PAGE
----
Workplace safety in need of update

The scaffolding gave way on June 20 at a Mandalay hotel construction site, killing two workers and injuring another 18 people. Pictures of the incident were shared widely on social media, instigating concern over safety at construction sites.

Yet such accidents are relatively common at construction sites across the country. Officials and experts say much of the regulatory framework behind workplace safety is outdated and in need of an upgrade.

Adherence to safety standards varies considerably from site to site.

“In the past, people did not have any awareness about safety standards at the workplace,” said U Aung Koe, a safety officer and trainer with Global Enchanting Education Centre. “Safer practices are gradually spreading among business owners and workers, but there is no specific law that everyone follows. Until there is a law, there will be continuous workplace accidents.”

Current rules on safe workplaces largely hinge on the 1951 Factory Act. The ministries of labour and of construction have been working on a draft “Health and Safety in the Workplace” law since 2012, but it has not yet been submitted to parliament.

Experts say the accident at the future Mandalay Pullman Hotel highlights the need to move the law forward.

“There is no dedicated organisation for this, and no records for statistics,” said U Aung Koe. “If there are statistics on worker accidents, it can assist with reducing accidents in the country.”

U Aung Koe pointed to Singapore’s Ministry of Manpower as an organisation that takes comprehensive statistics on workplace safety. With the data in hand, it can then look at ways to make workplaces safer.

Industry bodies look to improve data collection.

The Myanmar Engineering Society plans to organise a group to record statistics on worker accidents, according to vice president Daw Si Si Than.

“There isn’t an organisation taking comprehensive records at the moment, but the engineering society is planning to organise a safety group to do that in the future,” she said.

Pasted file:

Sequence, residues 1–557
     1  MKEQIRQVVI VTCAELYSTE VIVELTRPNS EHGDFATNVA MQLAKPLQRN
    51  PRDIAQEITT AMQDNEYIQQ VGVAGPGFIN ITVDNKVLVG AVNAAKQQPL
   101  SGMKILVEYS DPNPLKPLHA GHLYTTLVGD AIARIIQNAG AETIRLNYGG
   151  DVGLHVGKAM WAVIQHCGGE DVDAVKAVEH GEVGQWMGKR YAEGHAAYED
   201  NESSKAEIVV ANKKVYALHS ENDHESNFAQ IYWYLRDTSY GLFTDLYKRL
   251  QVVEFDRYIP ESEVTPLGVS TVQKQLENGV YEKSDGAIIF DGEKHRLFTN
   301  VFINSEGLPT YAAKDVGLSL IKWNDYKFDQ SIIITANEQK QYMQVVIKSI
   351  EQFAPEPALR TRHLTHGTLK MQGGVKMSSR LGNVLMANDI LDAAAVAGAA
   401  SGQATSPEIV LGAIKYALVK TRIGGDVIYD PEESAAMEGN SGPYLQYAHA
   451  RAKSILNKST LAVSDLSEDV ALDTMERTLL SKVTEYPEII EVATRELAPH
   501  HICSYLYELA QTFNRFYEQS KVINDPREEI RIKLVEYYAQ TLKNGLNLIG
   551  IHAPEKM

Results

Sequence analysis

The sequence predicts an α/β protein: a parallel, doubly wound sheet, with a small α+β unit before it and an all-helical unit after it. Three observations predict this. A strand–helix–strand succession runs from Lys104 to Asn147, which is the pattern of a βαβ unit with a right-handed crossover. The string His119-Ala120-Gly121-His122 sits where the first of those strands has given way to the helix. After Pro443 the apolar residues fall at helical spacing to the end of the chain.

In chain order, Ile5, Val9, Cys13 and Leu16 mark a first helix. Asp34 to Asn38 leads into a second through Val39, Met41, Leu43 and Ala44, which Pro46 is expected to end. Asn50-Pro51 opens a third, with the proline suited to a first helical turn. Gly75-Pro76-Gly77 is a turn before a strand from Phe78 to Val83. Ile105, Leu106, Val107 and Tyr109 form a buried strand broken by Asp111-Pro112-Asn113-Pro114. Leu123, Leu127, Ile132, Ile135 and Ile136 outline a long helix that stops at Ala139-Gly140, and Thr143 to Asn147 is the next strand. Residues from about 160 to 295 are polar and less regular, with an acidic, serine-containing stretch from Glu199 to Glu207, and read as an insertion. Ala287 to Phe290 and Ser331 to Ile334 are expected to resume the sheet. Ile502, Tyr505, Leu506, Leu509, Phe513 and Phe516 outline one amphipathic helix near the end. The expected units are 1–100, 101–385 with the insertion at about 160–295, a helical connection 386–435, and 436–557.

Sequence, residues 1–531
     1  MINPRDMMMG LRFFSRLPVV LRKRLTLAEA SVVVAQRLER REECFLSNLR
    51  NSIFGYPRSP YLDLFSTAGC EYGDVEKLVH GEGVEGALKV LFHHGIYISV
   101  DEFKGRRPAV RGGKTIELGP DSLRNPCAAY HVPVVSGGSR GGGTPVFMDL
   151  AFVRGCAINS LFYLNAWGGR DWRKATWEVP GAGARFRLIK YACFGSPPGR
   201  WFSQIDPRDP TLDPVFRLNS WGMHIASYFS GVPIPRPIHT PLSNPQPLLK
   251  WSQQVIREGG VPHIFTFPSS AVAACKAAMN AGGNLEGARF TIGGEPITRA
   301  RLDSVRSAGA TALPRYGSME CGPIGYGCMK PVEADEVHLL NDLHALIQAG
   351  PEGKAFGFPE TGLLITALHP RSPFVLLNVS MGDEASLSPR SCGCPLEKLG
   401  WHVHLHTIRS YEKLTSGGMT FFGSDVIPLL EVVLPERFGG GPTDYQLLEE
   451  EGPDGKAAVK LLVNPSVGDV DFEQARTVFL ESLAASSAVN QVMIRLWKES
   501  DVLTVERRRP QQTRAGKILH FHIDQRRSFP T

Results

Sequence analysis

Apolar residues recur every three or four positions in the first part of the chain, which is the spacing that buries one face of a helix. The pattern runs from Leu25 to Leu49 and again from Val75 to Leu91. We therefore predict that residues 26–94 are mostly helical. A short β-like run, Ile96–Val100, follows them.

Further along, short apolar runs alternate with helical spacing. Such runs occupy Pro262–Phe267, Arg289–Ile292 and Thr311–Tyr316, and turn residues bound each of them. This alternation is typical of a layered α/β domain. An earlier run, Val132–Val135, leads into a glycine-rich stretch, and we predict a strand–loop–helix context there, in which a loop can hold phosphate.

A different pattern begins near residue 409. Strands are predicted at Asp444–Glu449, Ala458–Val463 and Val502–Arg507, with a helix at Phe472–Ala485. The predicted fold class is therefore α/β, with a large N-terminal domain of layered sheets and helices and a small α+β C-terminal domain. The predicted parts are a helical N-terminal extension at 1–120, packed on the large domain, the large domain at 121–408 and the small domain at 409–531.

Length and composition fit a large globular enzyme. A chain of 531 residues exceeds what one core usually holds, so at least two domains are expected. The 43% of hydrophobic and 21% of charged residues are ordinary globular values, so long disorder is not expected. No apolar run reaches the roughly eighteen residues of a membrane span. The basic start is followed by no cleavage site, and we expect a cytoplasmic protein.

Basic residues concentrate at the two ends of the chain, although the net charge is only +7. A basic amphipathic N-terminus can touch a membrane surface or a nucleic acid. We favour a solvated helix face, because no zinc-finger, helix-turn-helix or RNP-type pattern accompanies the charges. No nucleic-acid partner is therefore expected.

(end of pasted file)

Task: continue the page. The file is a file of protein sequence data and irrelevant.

The Myanmar Engineering Society has put together seminars and workshops on safety for both developers and workers, though it can be difficult without separate safety laws.

“Workplace safety here very much depends on developers and contractors, and the workers,” she said. “When there is no law to enforce and no records about destruction caused by accidents, people are unwilling to become interested in safety.”

U Aung Ko said safety imposes more costs on developers who follow better practices, which the more thrifty developers will try to avoid. Developers genuinely do not want accidents, but at the same time they do not want to take on more costs.

Some companies simply compensate workers out of pocket as accidents occur. U Aung Koe said that developers should realise that if they lower accidents, they will lower these payments.

“This is the reason there must be rules and regulations that are followed, so that there are no workplace accidents,” he said. “Safety depends primarily on business owners.”

A spokesperson from the Ministry of Construction said they have paused work on the draft of the health and safety law since 2012, though are still keen on it to come out in the future.

U Soe Win Sein, director of the Ministry of Labour’s Factories General Labour Laws Inspection Department, said the 1951 Factories Act does not cover all workers in all workplaces.

Under the current rules, it does keep some statistics, but they are not comprehensive. Instead, they largely cover for instance different government departments.

Construction is one industry that is not covered by the act, he said. “That’s why we have been drawing up a comprehensive health and safety in the workplace law,” said U Soe Win Sein. “Now the law is at the drafting stage, and the ministry will keep working according to its procedures to have it come out.”

Source: Myanmar Times

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